NYU Traveler is a web-based portal backed by a traveler safety service (WorldCue) for all members of the NYU community to either book their NYU travel or to register the travel plans they booked elsewhere. Once travel plans are registered with WorldCue, travelers can be armed with information about their destination. Additionally, NYU will have information that would enable the university to assist travelers who are encountering difficulties or to evacuate them in emergency situations. Students traveling on IBEX will be automatically registered on NYU Traveler for their host university's destination, but students should register their individual travel plans to and from the host country as well as any additional travels they might undertake while abroad.
While abroad, you may experience what is called ‘Culture Shock,' a term used to describe the range of reactions many people experience when they move to a completely new environment. It can be caused by differences in language, climate, religion, food, customs, or educational systems, as well as differences in how people make their decisions, spend their time, resolve conflicts, or express feelings. It can even be caused by different interpretations of body language such as gestures and facial expressions.
Some common symptoms of culture shock include homesickness, compulsive or lack of eating, withdrawal, boredom, feeling isolated, getting too much or too little sleep, stereotyping and hostility toward locals, or psychosomatic illnesses (physical illness caused by internal conflict or stress).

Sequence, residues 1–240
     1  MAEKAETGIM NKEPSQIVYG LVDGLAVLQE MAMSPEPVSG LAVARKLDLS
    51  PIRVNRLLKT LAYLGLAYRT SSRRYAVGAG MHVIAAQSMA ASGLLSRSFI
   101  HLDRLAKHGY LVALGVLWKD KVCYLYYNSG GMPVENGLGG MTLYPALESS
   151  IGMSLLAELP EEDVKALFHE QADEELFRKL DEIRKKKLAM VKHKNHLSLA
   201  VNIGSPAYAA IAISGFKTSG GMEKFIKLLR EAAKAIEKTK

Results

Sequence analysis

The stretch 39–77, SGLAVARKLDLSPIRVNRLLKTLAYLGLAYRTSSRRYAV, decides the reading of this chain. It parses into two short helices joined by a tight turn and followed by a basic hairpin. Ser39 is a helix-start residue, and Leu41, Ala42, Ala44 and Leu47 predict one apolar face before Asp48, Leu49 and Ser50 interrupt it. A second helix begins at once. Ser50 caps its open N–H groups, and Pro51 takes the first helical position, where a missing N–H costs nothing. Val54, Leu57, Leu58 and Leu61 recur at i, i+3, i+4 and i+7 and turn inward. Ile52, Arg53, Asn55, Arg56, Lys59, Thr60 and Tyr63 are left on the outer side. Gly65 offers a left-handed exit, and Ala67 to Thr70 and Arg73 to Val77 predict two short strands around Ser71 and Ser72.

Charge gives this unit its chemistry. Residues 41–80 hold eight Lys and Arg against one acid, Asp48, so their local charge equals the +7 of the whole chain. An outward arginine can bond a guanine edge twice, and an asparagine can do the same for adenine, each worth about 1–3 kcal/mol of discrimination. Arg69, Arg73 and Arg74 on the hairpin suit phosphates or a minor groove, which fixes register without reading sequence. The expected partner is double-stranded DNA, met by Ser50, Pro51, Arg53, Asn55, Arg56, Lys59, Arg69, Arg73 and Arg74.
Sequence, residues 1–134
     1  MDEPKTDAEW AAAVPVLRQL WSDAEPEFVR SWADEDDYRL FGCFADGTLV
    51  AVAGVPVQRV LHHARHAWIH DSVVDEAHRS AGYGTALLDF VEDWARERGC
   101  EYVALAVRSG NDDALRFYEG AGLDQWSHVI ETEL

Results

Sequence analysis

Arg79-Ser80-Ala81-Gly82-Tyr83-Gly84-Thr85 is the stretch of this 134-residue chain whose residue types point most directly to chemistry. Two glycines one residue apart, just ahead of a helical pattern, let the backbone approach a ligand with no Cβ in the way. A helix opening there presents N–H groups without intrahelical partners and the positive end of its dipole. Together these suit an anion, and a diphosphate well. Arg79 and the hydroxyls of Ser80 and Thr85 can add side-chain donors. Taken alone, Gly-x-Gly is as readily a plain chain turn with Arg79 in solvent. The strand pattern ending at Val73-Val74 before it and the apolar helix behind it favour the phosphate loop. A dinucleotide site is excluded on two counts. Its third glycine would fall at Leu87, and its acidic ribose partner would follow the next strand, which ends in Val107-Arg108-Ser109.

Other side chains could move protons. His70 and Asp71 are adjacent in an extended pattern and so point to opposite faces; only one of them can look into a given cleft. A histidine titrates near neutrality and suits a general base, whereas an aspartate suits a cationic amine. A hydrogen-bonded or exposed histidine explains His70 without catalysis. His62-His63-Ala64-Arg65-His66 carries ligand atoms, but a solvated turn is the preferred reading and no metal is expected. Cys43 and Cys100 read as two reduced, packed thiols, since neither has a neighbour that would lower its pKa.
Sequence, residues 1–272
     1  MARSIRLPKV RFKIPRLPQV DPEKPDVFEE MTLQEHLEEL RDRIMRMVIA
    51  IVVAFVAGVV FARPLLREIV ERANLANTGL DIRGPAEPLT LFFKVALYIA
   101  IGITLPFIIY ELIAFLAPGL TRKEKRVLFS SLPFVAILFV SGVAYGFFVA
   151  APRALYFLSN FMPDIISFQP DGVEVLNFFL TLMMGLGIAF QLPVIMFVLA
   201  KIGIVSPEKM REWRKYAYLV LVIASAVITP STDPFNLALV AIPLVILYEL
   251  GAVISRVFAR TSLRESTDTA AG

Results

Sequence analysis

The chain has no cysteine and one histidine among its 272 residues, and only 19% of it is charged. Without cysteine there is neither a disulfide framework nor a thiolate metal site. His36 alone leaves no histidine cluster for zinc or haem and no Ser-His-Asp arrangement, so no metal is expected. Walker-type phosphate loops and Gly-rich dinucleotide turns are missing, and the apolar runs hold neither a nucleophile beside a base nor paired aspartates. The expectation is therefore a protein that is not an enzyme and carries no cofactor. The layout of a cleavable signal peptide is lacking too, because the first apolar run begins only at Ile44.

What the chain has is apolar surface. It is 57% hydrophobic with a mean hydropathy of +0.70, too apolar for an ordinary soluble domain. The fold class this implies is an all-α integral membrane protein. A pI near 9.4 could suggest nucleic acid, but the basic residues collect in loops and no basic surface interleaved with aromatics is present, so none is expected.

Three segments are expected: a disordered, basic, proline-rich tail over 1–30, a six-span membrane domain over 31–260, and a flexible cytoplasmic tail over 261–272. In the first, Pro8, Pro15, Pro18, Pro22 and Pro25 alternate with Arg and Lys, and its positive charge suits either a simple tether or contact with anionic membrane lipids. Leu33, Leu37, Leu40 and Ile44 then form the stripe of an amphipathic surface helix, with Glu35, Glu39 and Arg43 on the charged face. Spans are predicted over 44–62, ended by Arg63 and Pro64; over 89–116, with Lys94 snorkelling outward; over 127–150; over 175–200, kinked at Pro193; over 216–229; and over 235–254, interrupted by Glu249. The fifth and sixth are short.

Most people experience at least a small amount of culture shock, and fortunately, there are many ways to cope with it. The most important tool in dealing with culture shock is to always keep oneself informed. Try to learn as much as possible about the culture and common phrases before you go, and be open to differences. Don't judge or negatively compare the differences between the culture of the country in which you are studying and your own, maintain realistic expectations, and keep a sense of humor. Finally, though it may help to bring with you small objects that remind you of home, it is important to resist the temptation to over-connect with people back home. Establish a communication routine with your friends and family that doesn't prevent you from fully immersing yourself abroad.
You might find NYU's Global Academic Centers' page on Preparing to Live in a Different City helpful, especially its webinar on “What is Culture?”
Globe Smart is a useful online tool that provides detailed information about different countries around the world. The information is focused on key aspects of the culture and difficulties one may encounter as a foreigner. The site requires a log-in, but it is free for all NYU students and is accessible through NYU Home.
NYU Outbound from NYC
The NYU Outbound from NYC page -- hosted by the Office of Global Services (OGS) -- contains interesting and useful tips and directives for NYU students who wish to travel abroad.
U.S State Department Travel
The U.S State Department Travel page offers important information on travel logistics for American citizens.